Booktopia’s Romance Specialist Haylee Nash reads The Bone Season… and finds a new obsession
A couple of months ago, I received a press release for an upcoming book from Bloomsbury, care of Allen & Unwin. It was a young adult dystopian, written by a 22 year old, and Bloomsbury were going to be putting a huge marketing effort behind it. They thought it was going to be big. When the publishers of Harry Potter ask you to read a review copy of a young adult book that they think is going to be big, you read it.
Despite it being a rather large book (I’m used to quick romance reads, and not a particularly fast reader) I opened the first page on the bus after work and soon found myself at home, seemingly without noticing the hour and a half journey. It took me many more trips home, and sessions on the couch, to finish the book, but not for lack of interest – I loved the book so much I wanted to savour each and every character and scene. I quickly scouted out another review copy for my 21 year old sister, who devoured it in a quarter of the time (and urged me, daily, to hurry up and finish so we could discuss it).
The Bone Season is the story of Paige Mahoney, a young, streetwise ‘voyant’ (clairvoyant) who is able to read, and even invade, people’s dreamscapes (a place similar to one’s unconscious), a gift that makes her valuable in the voyant underworld, and one that places her in extreme danger. For Paige lives in Scion, an alternate, dystopian imagining of London, which rules over its inhabitants with an iron fist and deems all supernatural ability illegal. One night, after an extremely gruelling session of dreamwalking, Paige’s abilities are discovered and she is captured, taken to a prison filled with other voyants of varying abilities. What follows will make a lie of everything she has ever known and test her abilities beyond all imagining.
My synopsis, and the publisher’s blurb, are deliberately vague as the first twist in this book comes early and it would be unfair to spoil any plot point in this surprising and addictive book. What I can tell you is not only will you love Paige (who echoes Katniss Everdeen in her strength and deviance, but is entirely unique) but you will be utterly enchanted by the complex world Samantha Shannon has created. While compelling and thrilling, The Bone Season is not necessarily an easy read – the many different kinds of clairvoyants, the unique language that Shannon uses and the overall world-building make for a bit of extra work on the part of the reader. However, the author, or indeed her publishers , have anticipated this and included a glossaries and a map to help the reader locate and visualise the world and this extra work only makes the reading experience more rewarding.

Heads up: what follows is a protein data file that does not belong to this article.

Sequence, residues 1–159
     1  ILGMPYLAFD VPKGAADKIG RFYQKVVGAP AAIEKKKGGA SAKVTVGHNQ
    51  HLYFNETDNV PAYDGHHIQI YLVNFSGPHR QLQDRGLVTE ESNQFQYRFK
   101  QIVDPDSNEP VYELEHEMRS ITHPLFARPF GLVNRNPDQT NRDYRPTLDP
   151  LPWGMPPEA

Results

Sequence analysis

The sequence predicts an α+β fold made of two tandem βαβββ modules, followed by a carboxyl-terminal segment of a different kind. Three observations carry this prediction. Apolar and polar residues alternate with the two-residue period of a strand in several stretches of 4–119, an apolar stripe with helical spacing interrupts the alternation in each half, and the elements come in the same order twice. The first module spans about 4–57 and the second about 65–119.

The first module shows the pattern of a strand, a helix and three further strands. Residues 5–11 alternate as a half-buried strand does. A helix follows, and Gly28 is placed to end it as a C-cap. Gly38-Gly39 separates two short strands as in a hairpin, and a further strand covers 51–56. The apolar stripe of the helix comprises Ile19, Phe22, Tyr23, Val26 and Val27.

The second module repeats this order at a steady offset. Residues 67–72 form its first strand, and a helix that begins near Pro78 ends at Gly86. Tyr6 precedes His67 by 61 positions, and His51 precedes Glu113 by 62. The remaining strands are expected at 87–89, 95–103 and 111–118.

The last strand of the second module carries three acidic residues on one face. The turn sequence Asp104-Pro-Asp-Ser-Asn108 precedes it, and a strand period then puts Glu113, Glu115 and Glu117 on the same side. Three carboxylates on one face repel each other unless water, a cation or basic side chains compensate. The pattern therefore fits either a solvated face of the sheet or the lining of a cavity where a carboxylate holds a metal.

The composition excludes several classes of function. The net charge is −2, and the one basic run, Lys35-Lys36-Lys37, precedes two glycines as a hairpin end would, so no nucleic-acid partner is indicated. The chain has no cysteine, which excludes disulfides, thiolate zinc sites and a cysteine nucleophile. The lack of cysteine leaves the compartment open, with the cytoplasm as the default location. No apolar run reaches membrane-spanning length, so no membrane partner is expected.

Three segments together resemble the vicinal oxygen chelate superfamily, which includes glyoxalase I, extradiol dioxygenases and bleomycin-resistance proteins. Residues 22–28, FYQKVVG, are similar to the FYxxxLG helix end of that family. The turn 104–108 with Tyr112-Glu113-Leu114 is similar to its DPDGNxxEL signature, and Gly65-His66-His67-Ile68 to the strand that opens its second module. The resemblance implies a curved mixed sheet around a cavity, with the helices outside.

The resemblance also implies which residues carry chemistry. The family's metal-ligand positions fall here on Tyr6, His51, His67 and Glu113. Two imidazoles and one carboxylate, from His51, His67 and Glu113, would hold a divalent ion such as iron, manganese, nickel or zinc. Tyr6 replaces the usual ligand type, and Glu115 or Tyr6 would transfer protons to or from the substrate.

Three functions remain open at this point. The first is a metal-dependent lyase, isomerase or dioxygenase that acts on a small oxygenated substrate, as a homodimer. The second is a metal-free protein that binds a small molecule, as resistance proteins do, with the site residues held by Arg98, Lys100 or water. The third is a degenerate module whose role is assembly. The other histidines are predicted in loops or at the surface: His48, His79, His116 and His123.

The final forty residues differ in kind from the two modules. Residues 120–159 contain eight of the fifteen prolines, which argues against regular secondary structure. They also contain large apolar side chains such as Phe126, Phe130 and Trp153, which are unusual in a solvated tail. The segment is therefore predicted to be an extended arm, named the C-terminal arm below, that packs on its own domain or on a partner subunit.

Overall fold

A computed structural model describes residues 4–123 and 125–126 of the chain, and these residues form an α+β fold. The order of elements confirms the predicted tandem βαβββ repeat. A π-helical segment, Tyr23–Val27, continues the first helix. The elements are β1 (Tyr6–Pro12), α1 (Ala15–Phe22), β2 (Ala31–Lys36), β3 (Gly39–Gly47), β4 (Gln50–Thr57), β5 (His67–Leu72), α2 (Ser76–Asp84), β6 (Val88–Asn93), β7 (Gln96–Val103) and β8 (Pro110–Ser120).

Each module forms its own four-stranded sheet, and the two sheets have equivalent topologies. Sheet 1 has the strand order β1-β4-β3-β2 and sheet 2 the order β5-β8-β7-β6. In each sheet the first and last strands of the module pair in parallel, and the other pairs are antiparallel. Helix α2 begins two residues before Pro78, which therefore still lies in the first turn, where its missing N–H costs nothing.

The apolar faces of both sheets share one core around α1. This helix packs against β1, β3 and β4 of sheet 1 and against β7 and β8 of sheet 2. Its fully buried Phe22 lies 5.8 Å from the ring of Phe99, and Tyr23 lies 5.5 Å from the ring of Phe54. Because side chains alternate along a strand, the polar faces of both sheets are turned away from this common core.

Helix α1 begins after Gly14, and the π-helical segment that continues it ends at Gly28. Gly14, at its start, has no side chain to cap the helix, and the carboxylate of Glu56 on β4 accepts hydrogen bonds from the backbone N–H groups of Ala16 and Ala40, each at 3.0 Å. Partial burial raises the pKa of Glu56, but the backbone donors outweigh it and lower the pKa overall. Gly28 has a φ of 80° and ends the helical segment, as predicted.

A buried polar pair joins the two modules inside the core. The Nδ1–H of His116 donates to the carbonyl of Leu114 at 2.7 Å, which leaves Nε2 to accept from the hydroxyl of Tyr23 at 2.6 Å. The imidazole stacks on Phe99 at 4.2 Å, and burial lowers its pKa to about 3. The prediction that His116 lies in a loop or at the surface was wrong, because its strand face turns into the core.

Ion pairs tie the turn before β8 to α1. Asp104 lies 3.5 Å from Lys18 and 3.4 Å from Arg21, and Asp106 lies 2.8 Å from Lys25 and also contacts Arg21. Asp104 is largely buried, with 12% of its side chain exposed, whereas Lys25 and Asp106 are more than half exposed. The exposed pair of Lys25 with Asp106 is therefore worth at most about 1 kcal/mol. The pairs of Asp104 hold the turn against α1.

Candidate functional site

The Bone Season is the kind of novel that reminds you why you love reading – one that not only transports you to another world but has you walking around in a haze after closing the pages and searching for fellow readers to discuss the book with. The kind of book that has you preaching about its merits to anyone who will listen and, to be honest, makes you a bit of a pain to be around because of it.
Here’s the bad news – The Bone Season does not have a satisfying ending (its right for the book, but certainly leaves you hanging) and it is the first book in a SEVEN book series. So, like with Harry Potter, fans have signed up to a gruelling seven year period of painful, anxious longing for the story’s conclusion. Thanks Shannon, it’s not like I didn’t have enough to worry about already.
Haylee Nash is the Romance Specialist at Booktopia and has an addictive personality…so when she likes something, she REALLY likes it. Her current addictions are The Bone Season, Snickers Pods and her dog Phantom.